The drone autonomously deploys its X-wing airfoil and after achieving altitude assumes a horizontal flight configuration [Credit: NAVSEA-AUTEC]

Drone launched from submerged submarine by US Navy

An all-electric, fuel cell-powered drone has been successfully launched from a submerged submarine by US Navy researchers.

The unmanned aerial vehicle (UAV), developed by the  US Naval Research Laboratory (NRL), was fired from the Los Angeles class USS Providence’s torpedo tube using a 'Sea Robin' launch vehicle system designed to fit within an empty Tomahawk launch canister used for launching Tomahawk cruise missiles.

Once deployed from the canister, the Sea Robin launch vehicle rose to the ocean surface where it appeared as a spar buoy. The drone then vertically launched on command and successfully flew for several hours streaming live video back to Providence and surface support vessels before landing at a naval base in the Bahamas.

The project was funded by SwampWorks at the Office of Naval Research (ONR) and the Department of Defense Rapid Reaction Technology Office and took less than six years to get from concept to fleet demonstration while providing significant cost savings when compared to traditional programs that often take decades to produce results.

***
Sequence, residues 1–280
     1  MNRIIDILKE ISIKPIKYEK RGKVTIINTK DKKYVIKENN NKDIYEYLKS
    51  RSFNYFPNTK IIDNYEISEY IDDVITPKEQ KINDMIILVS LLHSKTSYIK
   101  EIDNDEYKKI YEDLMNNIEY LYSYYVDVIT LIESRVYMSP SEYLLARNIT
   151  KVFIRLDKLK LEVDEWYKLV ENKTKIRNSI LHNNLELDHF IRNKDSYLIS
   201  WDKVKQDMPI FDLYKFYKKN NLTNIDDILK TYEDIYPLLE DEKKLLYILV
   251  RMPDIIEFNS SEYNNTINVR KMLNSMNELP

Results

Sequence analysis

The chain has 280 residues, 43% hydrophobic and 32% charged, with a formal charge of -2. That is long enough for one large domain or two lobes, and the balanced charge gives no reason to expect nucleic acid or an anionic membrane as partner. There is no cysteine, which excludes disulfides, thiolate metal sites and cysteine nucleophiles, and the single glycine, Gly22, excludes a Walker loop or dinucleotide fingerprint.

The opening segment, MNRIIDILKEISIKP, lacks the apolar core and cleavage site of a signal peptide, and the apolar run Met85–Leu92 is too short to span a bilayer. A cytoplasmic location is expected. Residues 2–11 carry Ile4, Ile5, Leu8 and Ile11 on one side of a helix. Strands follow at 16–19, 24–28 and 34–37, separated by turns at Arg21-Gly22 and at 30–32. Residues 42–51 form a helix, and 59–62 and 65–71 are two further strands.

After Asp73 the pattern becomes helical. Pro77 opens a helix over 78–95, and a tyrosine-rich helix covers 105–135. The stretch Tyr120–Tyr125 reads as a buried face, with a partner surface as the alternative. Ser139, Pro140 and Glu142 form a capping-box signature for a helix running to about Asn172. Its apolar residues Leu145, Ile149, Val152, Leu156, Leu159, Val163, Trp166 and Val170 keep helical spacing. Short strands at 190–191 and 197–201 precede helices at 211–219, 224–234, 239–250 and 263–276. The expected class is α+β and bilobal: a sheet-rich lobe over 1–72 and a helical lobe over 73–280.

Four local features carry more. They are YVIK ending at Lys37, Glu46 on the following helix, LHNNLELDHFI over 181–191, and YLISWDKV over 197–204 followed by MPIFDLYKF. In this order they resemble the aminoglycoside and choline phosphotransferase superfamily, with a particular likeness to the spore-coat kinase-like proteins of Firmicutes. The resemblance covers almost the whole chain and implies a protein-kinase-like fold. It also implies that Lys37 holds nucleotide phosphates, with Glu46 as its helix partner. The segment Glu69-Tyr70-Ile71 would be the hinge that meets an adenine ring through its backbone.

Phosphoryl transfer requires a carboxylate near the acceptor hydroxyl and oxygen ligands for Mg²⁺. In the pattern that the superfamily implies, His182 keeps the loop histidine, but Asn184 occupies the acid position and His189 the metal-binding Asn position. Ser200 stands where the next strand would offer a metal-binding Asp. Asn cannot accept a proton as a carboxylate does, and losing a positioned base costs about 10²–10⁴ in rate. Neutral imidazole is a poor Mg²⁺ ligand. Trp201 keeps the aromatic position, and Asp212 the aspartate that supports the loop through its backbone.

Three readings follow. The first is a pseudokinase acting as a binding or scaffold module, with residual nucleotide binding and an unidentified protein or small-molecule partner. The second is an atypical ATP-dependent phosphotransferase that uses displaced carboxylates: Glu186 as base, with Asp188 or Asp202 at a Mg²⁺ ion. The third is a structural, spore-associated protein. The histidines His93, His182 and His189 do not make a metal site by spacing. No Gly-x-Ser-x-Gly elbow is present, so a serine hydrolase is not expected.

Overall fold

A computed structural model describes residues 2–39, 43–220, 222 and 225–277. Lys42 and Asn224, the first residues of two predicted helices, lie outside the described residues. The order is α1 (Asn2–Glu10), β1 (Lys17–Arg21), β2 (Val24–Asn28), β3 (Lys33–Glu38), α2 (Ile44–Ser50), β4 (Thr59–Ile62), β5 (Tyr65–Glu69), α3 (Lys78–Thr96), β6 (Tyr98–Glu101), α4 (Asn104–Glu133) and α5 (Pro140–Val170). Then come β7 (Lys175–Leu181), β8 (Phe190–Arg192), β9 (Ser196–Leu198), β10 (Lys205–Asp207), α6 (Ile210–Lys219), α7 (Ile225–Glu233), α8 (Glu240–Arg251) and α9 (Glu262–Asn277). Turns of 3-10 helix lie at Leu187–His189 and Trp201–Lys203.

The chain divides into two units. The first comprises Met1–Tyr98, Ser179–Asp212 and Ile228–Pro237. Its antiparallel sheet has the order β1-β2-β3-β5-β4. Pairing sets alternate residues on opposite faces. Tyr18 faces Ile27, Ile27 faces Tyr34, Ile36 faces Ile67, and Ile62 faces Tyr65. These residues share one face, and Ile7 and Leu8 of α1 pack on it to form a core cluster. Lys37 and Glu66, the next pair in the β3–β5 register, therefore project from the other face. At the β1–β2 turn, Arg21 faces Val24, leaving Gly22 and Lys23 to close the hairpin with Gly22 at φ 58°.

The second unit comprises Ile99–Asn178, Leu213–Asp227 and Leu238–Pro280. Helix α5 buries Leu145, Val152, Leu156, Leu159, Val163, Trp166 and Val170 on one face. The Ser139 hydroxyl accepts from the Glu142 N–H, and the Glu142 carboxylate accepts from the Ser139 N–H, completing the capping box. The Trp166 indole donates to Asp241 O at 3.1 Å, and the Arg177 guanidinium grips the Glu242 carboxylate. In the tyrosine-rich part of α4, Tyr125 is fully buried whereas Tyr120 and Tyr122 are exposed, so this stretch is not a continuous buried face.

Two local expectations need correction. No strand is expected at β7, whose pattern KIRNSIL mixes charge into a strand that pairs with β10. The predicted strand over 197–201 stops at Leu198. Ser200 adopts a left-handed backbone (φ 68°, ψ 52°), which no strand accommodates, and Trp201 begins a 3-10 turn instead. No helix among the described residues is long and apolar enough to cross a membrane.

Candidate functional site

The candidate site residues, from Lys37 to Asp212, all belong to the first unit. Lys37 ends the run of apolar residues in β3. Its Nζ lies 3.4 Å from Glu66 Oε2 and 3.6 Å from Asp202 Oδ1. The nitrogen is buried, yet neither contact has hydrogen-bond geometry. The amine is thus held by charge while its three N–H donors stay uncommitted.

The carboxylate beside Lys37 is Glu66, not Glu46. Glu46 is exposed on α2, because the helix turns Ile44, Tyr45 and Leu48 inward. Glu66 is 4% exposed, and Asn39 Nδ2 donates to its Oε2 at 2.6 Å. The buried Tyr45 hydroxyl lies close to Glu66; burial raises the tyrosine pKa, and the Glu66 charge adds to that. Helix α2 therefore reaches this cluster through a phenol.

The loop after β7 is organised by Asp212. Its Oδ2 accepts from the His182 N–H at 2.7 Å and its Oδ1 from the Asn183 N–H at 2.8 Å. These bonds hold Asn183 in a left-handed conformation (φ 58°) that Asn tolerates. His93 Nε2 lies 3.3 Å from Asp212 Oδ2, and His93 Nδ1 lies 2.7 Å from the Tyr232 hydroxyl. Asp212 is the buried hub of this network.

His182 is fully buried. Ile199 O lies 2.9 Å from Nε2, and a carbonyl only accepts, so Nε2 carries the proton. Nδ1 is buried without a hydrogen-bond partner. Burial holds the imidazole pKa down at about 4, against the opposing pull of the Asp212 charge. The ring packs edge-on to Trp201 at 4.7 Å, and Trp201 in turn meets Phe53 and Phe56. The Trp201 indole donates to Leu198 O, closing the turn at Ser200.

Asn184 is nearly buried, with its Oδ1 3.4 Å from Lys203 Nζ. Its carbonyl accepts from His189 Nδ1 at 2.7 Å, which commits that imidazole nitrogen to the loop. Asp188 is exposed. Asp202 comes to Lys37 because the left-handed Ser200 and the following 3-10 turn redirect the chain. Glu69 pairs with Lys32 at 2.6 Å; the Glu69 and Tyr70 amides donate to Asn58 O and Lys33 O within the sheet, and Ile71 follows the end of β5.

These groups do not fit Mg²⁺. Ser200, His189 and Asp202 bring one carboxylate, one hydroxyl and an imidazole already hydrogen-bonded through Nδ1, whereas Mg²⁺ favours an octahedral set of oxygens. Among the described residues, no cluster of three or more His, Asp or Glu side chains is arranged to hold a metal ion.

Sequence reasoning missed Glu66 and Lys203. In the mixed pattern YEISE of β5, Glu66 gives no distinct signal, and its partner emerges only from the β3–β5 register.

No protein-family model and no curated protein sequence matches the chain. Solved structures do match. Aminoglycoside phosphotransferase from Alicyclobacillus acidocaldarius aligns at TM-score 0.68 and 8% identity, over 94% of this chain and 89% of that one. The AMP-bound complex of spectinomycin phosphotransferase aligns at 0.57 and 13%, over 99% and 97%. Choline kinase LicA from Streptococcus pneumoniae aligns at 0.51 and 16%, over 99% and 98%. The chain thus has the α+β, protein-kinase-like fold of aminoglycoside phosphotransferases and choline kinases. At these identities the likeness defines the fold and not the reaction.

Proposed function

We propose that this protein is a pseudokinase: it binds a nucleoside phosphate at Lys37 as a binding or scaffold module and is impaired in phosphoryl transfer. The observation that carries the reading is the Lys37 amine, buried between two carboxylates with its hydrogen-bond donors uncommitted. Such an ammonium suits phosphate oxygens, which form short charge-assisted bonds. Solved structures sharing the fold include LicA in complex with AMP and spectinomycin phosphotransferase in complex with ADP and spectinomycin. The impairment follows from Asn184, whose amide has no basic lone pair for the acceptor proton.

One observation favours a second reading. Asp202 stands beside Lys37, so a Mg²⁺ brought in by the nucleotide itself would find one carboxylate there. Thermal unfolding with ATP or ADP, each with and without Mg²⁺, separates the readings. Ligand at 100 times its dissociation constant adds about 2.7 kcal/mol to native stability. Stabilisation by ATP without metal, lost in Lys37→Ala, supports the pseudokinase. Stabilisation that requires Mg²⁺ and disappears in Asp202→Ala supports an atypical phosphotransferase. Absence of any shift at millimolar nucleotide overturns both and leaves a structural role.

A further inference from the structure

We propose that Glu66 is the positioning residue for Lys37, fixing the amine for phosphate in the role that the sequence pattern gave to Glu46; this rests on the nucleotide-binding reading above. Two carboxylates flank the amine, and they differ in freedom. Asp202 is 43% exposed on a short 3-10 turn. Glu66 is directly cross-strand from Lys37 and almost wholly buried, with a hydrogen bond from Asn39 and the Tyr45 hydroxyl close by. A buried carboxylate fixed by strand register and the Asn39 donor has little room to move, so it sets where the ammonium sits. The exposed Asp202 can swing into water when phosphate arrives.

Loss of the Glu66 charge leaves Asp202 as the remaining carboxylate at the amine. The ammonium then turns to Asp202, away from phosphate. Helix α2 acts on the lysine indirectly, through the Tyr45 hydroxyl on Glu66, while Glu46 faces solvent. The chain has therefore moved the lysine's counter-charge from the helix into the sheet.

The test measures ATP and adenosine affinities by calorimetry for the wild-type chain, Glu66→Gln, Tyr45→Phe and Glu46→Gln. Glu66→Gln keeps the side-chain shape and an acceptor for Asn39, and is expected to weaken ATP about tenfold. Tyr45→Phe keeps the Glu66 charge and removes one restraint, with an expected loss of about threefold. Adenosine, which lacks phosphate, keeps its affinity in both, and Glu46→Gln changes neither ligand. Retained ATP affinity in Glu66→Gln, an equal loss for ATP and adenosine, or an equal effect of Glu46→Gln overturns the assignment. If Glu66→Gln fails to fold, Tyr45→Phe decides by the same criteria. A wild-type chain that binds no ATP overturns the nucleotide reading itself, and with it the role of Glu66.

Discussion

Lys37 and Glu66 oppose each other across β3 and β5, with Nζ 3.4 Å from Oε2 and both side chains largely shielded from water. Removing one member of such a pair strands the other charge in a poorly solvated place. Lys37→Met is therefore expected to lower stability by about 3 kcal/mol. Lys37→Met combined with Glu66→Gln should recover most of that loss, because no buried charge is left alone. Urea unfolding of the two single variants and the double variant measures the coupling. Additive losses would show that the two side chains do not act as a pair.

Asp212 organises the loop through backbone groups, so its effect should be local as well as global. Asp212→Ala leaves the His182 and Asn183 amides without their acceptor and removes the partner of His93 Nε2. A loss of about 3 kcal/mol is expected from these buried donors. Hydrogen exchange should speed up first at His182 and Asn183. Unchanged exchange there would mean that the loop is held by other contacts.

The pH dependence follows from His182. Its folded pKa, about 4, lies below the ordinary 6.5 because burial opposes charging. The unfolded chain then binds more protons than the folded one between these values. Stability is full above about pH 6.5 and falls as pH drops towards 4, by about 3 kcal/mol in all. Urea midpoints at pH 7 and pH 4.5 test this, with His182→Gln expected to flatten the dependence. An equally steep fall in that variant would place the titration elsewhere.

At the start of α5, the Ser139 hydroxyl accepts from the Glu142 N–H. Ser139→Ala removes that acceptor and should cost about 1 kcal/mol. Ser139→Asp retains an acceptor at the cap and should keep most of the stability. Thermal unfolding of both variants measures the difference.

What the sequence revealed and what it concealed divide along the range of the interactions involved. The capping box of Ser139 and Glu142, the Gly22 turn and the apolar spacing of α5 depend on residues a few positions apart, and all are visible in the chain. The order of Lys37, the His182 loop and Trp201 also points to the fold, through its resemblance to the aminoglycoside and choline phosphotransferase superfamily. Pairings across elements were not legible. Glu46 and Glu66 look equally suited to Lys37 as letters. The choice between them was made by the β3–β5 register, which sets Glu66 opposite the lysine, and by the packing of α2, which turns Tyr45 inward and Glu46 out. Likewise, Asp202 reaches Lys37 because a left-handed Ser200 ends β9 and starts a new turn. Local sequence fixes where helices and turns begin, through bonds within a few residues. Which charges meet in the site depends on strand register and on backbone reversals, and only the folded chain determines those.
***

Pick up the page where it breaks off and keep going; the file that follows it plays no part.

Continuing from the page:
"Developing disruptive technologies and quickly getting them into the hands of our sailors is what our SwampWorks program is all about," said Craig Hughes, acting director of Innovation at ONR. "This demonstration really underpins ONR's dedication and ability to address emerging fleet priorities."

The XFC UAS (eXperimental Fuel Cell Unmanned Aerial System) is a fully autonomous, all-electric fuel cell powered folding wing UAV with an endurance of greater than six hours thanks to a non-hybridised power plant that supports the propulsion system and payload.

The drone has useful applications in mission critical intelligence, surveillance and reconnaissance for the US Navy's submarine force as its flight endurance enables relatively low cost, low altitude intelligence missions.

An electrically assisted take off system lifts the plane vertically out of its container, which enables a very small footprint launch such as from a pickup truck or small surface vessel.

"This six-year effort represents the best in collaboration of a Navy laboratory and industry to produce a technology that meets the needs of the special operations community," said Dr Warren Schultz, program developer and manager at NRL.

"The creativity and resourcefulness brought to this project by a unique team of scientists and engineers represents an unprecedented paradigm shift in UAV propulsion and launch systems."

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